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Framed vs. Frameless Cabinets

When designing your space, there are two main types of kitchen cabinets to choose from: framed and frameless. But what is the difference between framed and frameless cabinets? Is one type better than the other?

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Both have advantages and offer a wide range of functional and aesthetic options to do. Here are some variations between frameless and framed cabinets to assist you in deciding which one is best for your home project.

What Are Framed Cabinets?

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Framed cabinets are sometimes known as “face frames” or “American frame cabinets” because they were invented in North America.

Framed cabinets include a supporting component that lays over the cabinet construction, whereas frameless cabinets do not.

The frame is intended to provide durability and strength, but it also means that the cabinet itself is made of thinner material. This is determined by the manufacturer. Frame cabinets, on the other hand, help minimize shelf misalignment issues that can cause cabinet boxes to tip or drawers or doors to shift.

Frame cabinets have a more traditional, American feel. Front frame makes door/drawer installation and conversion easy. Individual skin panels must be installed on exposed surfaces in the field. Framed cabinet series often offer additional dimensions and individual design options.

Advantages of Framed Cabinets

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In this type of kitchen cabinet, the cabinet hinges are attached to the surface of the frame. This makes the cabinet hinges more sturdy and can add artistic detail when exposed.

The wood frame finish and 3/4 inch overlay give these cabinets a great vintage look. With the right design, color, and accessories, frame cabinets can provide a modern aesthetic, but for homes with more classic design tastes, frame cabinets are often a better option.

Shelves are typically adjustable, but the front frame may make access difficult once installed.

Very sturdy as the frame provides a flat and stable surface for mounting the cabinet door. The hinge is securely attached to the hardwood of the front frame. 

Disadvantages of Frame Cabinets

Frame cabinets have limited storage space compared to frameless cabinets due to the front frame and center rail. If you already have limited space, frameless cabinets are a better option.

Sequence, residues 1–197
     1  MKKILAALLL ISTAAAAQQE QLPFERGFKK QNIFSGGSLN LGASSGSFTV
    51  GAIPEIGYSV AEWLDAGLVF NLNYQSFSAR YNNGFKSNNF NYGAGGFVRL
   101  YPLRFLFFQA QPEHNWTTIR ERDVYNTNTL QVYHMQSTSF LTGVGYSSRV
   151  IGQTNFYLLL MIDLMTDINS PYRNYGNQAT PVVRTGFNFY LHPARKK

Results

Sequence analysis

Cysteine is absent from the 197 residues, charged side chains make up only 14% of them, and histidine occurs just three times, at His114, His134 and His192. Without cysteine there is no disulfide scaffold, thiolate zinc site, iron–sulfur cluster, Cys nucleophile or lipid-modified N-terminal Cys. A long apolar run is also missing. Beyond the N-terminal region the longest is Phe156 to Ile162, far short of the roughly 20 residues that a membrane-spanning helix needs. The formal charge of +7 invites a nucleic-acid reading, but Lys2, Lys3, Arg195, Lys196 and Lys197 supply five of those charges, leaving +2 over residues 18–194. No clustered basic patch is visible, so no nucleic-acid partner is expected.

Frame cabinets take time to assemble and are difficult to modify once installed.

Note that the front jamb is visible even when the cabinet door is fully open.

What are frameless cabinets?

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Frameless cabinets, as the name suggests, lack an additional frame in the cabinet structure. This gives you a little more storage space and easier access. Additionally, the case material can be thicker. They often look more modern.

Frameless cabinet, also known as “full access cabinets”, consists only of a cabinet box. There is no front frame connected to the cabinet structure, allowing full access to the cabinet interior. This design style originated in Europe and is often used to create a sleeker, cleaner look.

If you are planning a modern kitchen renovation, this may be the preferred option as the sleek look and flat drawer fronts complement the design.

Advantages of Frameless Cabinets

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Eliminates the front frame, increasing internal space. Homeowners enjoy having large openings for storing dishes and kitchen utensils.

Flush exterior is standard on all frameless cabinetry and optional on framed cabinets. Because the edges of the drawers and doors are almost flush, frameless cabinet gives a modern and simple look.

Adjusting the shelves in frameless cabinets is easy because there is no front frame.

Door can be easily removed and cleaned without tools. Simply press the quick release button on the back of the door hinge.

Frameless cabinets do not have a center panel located in the middle of the two cabinet doors. Eliminating the center bar makes it easier to access the contents and increases storage space.

Frameless cabinetry panels can be left open for open shelf storage because there is no frame surrounding the cabinet opening.

No frame allows for even more design and aesthetic flexibility. Frameless cabinets are available in all styles including: B. traditional, transitional, modern, or contemporary.

Disadvantages of Frameless Cabinets

Frameless cabinets are often more difficult to install on uneven walls and can distort the cabinet above. The strength of frameless cabinetry depends solely on the frame of the cabinetry, so only high-quality materials should be used.

Frameless cabinets offer fewer sizing and customization options.

There are no standard overlay or inset structure options. Only full overlays are available.

Additional filler piece required to meet minimum clearance for door and drawer openings.

Hinges may be less robust because they are inserted directly into the side panels, which are often made of engineered wood, rather than into the front frame, which is usually made of hardwood.

Conclusion

All cabinet types are equal, so deciding which one is best for your kitchen will likely depend on your specific needs and good looks. If you want a more traditional look and don’t mind sacrificing some storage space, framed cabinets may be a better option. If you need as much storage space as possible and want a more modern look, a frameless cabinetry may be a better choice. Still not sure which products to use for your home kitchen project? The Oppein team provides expert design insights tailored to you.